How do I get referred to a doctor who specialises in miscarriage?

The first step is to visit your GP and ask them to refer you to a specialist doctor at your local hospital.

When can I be referred for tests after miscarriage?

Although this can be very hard, it is very unlikely that you will be offered any tests or treatments if you have had 1 or 2 early miscarriages.

Some hospitals may be able to investigate after 2 miscarriages, so talk to your GP, explain how you are feeling and ask to be referred.

Generally, the NHS follows guidelines that say your GP will refer you to a doctor who specialises in miscarriage after you have had 3 early miscarriages (known as recurrent miscarriage), or 1 late miscarriage

If you have had 1 ectopic pregnancy or a molar pregnancy your local Early Pregnancy Unit will offer you a scan early in your next pregnancy (at about 7 weeks).

This policy can be upsetting when you’ve had such a traumatic experience. But try to keep in mind that most miscarriages are a one-off and there is probably a good chance of having a successful pregnancy in the future.

There are some things you and your GP can do to help you make sure you (and your partner) are as healthy as possible before you try again. Find out more about your care and treatment after 1 or 2 early miscarriages

A small number of people have 3 miscarriages, known as recurrent miscarriage. If this happens, you should be referred for further tests and investigations. 

If your healthcare professional finds a risk factor for miscarriage they may be able to give you some treatment to try and prevent a miscarriage from happening again. But sometimes an issue may be found that is not treatable. Sometimes, the treatment may not work.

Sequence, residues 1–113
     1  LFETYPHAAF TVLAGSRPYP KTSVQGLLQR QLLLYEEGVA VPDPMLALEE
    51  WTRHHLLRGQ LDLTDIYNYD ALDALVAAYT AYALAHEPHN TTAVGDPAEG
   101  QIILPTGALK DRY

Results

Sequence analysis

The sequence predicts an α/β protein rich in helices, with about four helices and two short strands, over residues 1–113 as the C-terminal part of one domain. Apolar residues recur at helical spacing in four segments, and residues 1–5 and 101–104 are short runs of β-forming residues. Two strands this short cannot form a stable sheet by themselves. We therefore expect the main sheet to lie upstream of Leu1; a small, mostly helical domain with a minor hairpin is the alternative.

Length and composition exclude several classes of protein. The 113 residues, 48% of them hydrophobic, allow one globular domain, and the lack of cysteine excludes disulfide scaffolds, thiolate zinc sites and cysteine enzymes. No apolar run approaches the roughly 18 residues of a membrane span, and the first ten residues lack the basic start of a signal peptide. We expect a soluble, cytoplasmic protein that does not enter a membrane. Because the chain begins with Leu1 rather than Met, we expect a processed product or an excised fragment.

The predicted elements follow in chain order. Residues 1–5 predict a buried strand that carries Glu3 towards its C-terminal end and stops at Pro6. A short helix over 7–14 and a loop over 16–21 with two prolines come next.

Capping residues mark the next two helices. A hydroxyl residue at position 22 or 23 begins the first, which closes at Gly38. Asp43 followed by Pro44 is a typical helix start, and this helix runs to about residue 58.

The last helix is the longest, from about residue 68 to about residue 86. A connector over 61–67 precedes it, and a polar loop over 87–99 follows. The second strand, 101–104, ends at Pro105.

Sadly, these tests are not not always be able to find out why you have miscarried. No cause is found in about half of cases. Find out more about your care after 3 miscarriages

How do I get referred for tests?

Speak to your GP. They can refer you to your local miscarriage clinic, which is usually based in a local hospital. 

Not every hospital has an NHS miscarriage clinic. You can request to be referred to a specialist NHS miscarriage clinic in any hospital in the UK.

Your GP can also refer you to a Tommy’s miscarriage clinic from anywhere in the UK (see below).

If your local hospital does not have an NHS miscarriage clinic, you may be referred to a gynaecologist. A gynaecologist is a specialist in female reproductive health and may to organise any tests and treatment you need. There are also very different waiting times for appointments for clinics between 2 months and 2 years.

The NHS e-referral system will tell your GP how long these are and you can request to go to a specialist clinic with a short waiting time. 

Your GP may also be able to do some tests for things that increase the risk of miscarriage. For example, they may check your full blood count, thyroid function tests, and check for a vitamin D deficiency. They can also check your immunity against Rubella for the safety of any future pregnancy. 

Your GP can also talk to male partners about ways to improve their health while you are trying to get pregnancy.

Are all miscarriage clinics the same?

All NHS miscarriage clinics will have criteria for patients they will accept. This is mostly based on your age and pregnancy history. For example, you may need to be under 42 years old and have had 3 miscarriages in a row to be referred to some clinics. Not all clinics have the same criteria. 

Not all NHS miscarriage clinics have the same tests and treatments available. You can ask your GP  to refer you to a Tommy’s miscarriage clinic that offers tests that your local hospital doesn’t.

If you have been seen by an Early Pregnancy Unit for previous miscarriages, your GP should have been sent a letter with recommendations for your care. 

Tommy’s National Centre for Miscarriage Research 

Tommy’s National Centre for Miscarriage Research is based in Birmingham, Coventry and London. The centre carries out research that aim to reduce the number of miscarriages and improve care for people experiencing miscarriage.

This research centre works alongside the NHS Recurrent Miscarriage Clinics at the hospitals at Birmingham Women’s Hospital, University of Coventry & Warwickshire and Imperial College Hospital & St Mary’s Hospital. 

You do not have to live in these areas to be referred to one of the clinics. 

What is the difference between NHS miscarriage clinics and Tommy’s-funded miscarriage clinics?